Detroit, Michigan Early December, 1956
He came awake in darkness, the sounds of street life and the neon flicker interrupting another one of his dreams. Dream, hell, he thought, another nightmare. But he felt vaguely human now, still tired but not the same bone-deep exhaustion that brought him here.
He dragged himself to the bathroom down the hall and splashed water on his face, badly in need of a shave now. Strange to see. Even during the war, he had to take the razor to his cheeks everyday. Part of the image. Five o’clock shadow just didn’t fit with the steadfast superman. Ragged glory was okay for the enlisted men, but General Public had to project a magazine-ready picture of stoic male perfection at all times.
His eyes were bloodshot and faraway, looking inward at the pictures of his action-packed past, all those mental images that looked like adventure to everyone but him. To him, it was just endless fear and anxiety stretching back as far as memory would walk him. But as he stood there in his sweat-gray undershirt, shy of the costume that had consumed his identity for so long, he gave his shoulders a shrug and could feel the new lightness, the freedom that came with laying down a heavy burden.
He dressed in the clothes he’d stolen off a Chicago clothesline–just a simple plaid workshirt and chinos–and the hobnail boots he’d taken off a sleeping hobo on the freight train and made his way downstairs, passing the man behind the bullet-proof front desk glass.
“You leaving? You owe me two more nights, pal!”
“Just going out for dinner.”
“Yeah, well, much as I hate to cut into your liquor fund, how ‘bout you pay up first?”
Brock straightened to his full height, squared his shoulders, and gave the man the same look that froze Rudolf Hess in his tracks when he and Buck Private brought down his plane over Scotland. The desk man’s inert expression didn’t change, but Brock detected the motion of his hand clenching around something out of sight. A revolver? A bat? An axe-handle? No matter. Brock turned up one corner of his mouth and shook his head ever-so-slightly, his signature “Don’t even think about it” look. Worked like a charm. He may have ditched the persona, but General Public was still inside him. He wasn’t sure how to feel about that, but he was willing to work it.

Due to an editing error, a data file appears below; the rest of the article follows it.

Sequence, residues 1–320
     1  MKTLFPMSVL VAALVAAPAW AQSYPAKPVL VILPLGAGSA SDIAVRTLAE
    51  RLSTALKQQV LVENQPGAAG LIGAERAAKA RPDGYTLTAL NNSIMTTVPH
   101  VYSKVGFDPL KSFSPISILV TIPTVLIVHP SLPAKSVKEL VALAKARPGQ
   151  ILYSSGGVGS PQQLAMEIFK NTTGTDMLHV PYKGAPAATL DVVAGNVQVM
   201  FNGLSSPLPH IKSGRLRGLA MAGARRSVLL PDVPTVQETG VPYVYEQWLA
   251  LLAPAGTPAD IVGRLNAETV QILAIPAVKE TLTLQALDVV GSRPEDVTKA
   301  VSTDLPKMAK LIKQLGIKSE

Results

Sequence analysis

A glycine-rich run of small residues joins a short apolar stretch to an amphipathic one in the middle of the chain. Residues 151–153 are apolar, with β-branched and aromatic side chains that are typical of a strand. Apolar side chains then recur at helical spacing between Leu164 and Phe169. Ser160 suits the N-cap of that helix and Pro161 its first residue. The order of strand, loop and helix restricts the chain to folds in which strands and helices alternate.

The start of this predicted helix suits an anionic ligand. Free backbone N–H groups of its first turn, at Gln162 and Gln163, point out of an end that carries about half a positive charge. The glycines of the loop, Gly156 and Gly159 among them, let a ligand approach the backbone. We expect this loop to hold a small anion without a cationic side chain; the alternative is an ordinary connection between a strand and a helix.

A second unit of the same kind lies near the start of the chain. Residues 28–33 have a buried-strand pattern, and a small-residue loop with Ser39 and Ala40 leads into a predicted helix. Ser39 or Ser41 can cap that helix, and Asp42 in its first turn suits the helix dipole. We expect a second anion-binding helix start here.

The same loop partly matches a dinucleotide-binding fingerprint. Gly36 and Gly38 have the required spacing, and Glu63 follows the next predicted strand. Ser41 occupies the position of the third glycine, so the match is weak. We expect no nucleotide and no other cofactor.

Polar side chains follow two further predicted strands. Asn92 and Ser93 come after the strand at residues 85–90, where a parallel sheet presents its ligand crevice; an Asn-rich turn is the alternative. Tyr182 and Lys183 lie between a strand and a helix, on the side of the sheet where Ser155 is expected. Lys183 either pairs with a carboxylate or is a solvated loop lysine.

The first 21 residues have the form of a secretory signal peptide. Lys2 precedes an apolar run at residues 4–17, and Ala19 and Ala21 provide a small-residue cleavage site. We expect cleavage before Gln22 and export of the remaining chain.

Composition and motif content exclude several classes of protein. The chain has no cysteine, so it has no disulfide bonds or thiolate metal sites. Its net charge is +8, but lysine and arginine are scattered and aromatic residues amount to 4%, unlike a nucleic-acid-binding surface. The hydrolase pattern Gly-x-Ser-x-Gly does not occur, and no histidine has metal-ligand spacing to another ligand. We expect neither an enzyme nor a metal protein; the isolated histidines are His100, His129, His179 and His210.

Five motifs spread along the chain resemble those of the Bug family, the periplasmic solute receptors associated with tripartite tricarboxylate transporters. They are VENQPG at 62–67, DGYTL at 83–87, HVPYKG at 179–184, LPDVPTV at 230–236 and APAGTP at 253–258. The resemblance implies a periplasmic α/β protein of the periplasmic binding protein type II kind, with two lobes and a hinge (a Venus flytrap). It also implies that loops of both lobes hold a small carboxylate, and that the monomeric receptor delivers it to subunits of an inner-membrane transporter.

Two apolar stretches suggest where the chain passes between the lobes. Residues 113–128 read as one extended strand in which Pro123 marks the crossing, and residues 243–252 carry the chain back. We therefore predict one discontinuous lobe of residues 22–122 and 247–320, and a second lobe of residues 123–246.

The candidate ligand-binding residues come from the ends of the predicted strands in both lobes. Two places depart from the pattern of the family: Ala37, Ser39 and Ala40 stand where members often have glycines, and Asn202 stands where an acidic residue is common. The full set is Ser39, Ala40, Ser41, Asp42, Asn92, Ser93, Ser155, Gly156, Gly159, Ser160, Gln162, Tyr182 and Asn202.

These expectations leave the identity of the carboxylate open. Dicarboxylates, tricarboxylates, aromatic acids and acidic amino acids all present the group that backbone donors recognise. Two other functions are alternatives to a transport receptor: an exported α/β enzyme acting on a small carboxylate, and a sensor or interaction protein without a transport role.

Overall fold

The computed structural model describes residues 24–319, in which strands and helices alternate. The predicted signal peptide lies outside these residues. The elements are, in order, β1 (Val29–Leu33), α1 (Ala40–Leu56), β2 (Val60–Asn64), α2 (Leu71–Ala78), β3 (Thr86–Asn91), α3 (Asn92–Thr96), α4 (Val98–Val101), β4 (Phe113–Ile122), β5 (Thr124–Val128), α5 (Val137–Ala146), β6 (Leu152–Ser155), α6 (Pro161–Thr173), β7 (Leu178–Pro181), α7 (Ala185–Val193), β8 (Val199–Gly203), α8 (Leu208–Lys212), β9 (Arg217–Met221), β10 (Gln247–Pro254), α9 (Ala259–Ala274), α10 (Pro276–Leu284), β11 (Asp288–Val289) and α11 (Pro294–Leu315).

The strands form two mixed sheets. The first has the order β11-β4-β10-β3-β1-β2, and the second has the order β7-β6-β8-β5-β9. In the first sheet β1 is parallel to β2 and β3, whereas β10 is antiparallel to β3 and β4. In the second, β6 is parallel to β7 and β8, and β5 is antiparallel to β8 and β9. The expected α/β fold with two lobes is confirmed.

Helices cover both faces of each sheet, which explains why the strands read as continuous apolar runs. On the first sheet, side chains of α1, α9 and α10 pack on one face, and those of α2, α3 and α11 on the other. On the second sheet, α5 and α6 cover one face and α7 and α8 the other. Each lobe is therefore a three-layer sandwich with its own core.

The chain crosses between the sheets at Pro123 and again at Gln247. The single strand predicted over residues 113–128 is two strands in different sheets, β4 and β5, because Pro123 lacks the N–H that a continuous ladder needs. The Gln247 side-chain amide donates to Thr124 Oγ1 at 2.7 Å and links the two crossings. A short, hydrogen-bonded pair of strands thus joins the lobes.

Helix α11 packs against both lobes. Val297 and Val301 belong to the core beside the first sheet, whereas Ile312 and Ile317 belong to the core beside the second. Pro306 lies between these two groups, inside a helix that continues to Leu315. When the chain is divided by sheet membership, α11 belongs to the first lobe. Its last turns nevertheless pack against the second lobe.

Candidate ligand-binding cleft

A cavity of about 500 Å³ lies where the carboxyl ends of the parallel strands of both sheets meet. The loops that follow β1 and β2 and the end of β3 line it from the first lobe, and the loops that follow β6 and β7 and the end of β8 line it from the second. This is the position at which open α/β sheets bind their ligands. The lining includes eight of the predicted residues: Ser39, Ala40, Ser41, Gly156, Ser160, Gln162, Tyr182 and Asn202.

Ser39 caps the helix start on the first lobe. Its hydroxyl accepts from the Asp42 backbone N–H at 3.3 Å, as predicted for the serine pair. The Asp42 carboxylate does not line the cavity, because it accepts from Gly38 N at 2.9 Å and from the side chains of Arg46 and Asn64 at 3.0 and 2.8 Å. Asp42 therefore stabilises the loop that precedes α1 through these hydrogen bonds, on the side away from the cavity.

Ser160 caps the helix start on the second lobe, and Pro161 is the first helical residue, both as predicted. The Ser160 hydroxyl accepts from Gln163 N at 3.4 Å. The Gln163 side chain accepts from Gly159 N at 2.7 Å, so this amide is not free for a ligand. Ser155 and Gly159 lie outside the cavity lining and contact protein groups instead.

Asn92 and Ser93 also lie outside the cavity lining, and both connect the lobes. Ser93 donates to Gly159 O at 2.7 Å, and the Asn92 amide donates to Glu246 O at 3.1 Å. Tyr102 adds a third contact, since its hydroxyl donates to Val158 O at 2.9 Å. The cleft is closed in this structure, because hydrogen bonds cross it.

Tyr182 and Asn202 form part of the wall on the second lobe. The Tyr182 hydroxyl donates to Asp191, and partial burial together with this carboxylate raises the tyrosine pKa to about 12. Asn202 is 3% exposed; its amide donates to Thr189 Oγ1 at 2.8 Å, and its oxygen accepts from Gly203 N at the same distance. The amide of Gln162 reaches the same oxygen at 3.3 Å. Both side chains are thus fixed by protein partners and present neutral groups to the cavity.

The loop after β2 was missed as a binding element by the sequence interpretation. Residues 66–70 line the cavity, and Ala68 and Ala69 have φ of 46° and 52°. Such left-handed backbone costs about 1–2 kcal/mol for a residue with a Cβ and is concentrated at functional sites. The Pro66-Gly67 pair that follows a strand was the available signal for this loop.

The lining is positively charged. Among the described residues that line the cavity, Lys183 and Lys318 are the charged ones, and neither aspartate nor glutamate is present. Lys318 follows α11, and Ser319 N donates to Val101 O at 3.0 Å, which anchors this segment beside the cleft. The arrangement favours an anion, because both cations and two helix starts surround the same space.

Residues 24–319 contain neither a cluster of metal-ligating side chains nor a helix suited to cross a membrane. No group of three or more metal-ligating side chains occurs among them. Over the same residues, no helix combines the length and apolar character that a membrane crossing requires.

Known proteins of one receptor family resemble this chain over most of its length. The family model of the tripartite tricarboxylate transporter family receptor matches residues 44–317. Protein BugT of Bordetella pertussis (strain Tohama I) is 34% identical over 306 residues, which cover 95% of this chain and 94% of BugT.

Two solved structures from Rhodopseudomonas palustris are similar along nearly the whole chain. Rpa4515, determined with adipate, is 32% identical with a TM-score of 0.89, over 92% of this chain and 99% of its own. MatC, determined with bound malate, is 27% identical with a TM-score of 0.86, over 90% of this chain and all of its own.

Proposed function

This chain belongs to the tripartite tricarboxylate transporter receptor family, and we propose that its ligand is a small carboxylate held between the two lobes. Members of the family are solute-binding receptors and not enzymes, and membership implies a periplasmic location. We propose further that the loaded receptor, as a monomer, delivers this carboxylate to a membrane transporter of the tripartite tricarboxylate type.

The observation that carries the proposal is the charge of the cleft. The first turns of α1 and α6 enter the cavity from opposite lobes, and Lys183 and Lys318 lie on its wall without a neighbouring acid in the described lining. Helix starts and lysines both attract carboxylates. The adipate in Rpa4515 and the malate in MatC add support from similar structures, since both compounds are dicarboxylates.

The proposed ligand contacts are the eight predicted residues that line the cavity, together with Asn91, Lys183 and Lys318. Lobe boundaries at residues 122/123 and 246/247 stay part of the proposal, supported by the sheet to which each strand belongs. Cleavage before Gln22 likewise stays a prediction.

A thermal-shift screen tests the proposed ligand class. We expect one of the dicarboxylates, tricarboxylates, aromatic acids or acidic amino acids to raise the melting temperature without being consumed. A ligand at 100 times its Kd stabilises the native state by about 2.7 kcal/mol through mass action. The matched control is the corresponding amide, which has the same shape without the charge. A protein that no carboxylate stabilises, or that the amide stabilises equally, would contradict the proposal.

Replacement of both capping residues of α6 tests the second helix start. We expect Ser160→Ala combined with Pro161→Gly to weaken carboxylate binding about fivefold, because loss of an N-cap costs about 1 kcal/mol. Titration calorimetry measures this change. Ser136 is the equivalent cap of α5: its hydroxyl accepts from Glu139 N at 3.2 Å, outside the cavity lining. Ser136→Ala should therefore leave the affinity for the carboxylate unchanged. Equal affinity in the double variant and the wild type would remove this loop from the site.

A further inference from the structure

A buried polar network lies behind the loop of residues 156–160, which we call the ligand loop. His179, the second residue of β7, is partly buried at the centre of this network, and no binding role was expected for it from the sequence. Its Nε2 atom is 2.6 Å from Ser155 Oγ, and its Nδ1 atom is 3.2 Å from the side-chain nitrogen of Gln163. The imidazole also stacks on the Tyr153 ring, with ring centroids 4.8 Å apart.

The desk man relaxed and turned his full attention back to his crossword puzzle. “Enjoy your ‘meal.’”
Brock relaxed too, shrinking back into the shape of a solid citizen, just another regular Joe.
As he headed for the street, the desk man called after him. “Hang on a second, mister!”
Brock tensed, ready for trouble, if there was going to be any.
“What’s a seven letter word for ‘freedom from tyranny’? Last letter’s a ‘y.’”
“Liberty,” Brock said without hesitation.
The desk man counted silently on his fingers, nodded.
“Liberty it is.”
As the desk man put pencil to paper, Brock turned and walked out into the cold night of a strange town.
Brock found a greasy spoon half a block from the flophouse and figured he had enough pocket change–also lifted off his sleeping hobo friend–to afford a cup of coffee and the pork chop special, which turned out to be decidedly less special than advertised. Still, it was the first food he’d put in his belly since Chicago, and for that alone he was grateful.
In spite of his disheveled appearance, he was easily the most normal-looking patron in the place. The rest were an assortment of late-night street life types, probably a few fellow flophouse guests, a couple of streetwalkers and their “management,” and a guy slumped in the far corner booth who could easily have been that poor disenfranchised gent from the train, but more than likely just wore the same standard-issue hobo uniform. Either way, he took no notice of Brock, lost in a private reverie that almost definitely included memories as bleak and strong as Brock’s own, and nearly as bitter as this joint’s awful coffee.